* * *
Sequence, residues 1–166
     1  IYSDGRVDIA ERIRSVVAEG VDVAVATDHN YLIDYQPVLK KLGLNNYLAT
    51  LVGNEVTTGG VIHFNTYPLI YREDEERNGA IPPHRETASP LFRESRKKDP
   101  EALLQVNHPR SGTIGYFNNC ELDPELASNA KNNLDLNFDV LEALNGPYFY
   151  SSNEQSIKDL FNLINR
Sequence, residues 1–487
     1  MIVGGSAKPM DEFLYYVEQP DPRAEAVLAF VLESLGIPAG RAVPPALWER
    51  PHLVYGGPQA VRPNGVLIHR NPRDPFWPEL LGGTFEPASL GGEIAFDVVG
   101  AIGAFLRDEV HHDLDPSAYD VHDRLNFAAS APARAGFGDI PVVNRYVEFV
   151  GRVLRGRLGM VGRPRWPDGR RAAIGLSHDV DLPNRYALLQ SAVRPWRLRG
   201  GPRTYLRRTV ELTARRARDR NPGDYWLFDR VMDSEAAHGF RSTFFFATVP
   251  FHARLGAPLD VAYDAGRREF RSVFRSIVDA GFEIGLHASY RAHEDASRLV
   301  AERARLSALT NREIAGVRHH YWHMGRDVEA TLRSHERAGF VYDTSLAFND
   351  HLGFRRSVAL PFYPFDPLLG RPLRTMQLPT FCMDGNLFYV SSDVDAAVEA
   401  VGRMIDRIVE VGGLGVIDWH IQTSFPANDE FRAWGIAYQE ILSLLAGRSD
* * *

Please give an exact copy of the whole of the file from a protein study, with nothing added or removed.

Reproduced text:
Sequence, residues 1–166
     1  IYSDGRVDIA ERIRSVVAEG VDVAVATDHN YLIDYQPVLK KLGLNNYLAT
    51  LVGNEVTTGG VIHFNTYPLI YREDEERNGA IPPHRETASP LFRESRKKDP
   101  EALLQVNHPR SGTIGYFNNC ELDPELASNA KNNLDLNFDV LEALNGPYFY
   151  SSNEQSIKDL FNLINR
Sequence, residues 1–487
     1  MIVGGSAKPM DEFLYYVEQP DPRAEAVLAF VLESLGIPAG RAVPPALWER
    51  PHLVYGGPQA VRPNGVLIHR NPRDPFWPEL LGGTFEPASL GGEIAFDVVG
   101  AIGAFLRDEV HHDLDPSAYD VHDRLNFAAS APARAGFGDI PVVNRYVEFV
   151  GRVLRGRLGM VGRPRWPDGR RAAIGLSHDV DLPNRYALLQ SAVRPWRLRG
   201  GPRTYLRRTV ELTARRARDR NPGDYWLFDR VMDSEAAHGF RSTFFFATVP
   251  FHARLGAPLD VAYDAGRREF RSVFRSIVDA GFEIGLHASY RAHEDASRLV
   301  AERARLSALT NREIAGVRHH YWHMGRDVEA TLRSHERAGF VYDTSLAFND
   351  HLGFRRSVAL PFYPFDPLLG RPLRTMQLPT FCMDGNLFYV SSDVDAAVEA
   401  VGRMIDRIVE VGGLGVIDWH IQTSFPANDE FRAWGIAYQE ILSLLAGRSD